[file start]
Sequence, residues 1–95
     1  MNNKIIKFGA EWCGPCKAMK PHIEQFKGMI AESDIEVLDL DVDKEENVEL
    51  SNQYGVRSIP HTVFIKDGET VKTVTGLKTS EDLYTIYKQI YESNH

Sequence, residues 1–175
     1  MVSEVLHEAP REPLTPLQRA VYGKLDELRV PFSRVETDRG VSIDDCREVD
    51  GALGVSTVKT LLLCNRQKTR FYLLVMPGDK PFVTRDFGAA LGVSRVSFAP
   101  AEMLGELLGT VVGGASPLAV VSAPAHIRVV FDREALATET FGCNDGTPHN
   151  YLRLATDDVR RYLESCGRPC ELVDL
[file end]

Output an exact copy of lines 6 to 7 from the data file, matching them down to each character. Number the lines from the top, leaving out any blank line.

    51  GALGVSTVKT LLLCNRQKTR FYLLVMPGDK PFVTRDFGAA LGVSRVSFAP
   101  AEMLGELLGT VVGGASPLAV VSAPAHIRVV FDREALATET FGCNDGTPHN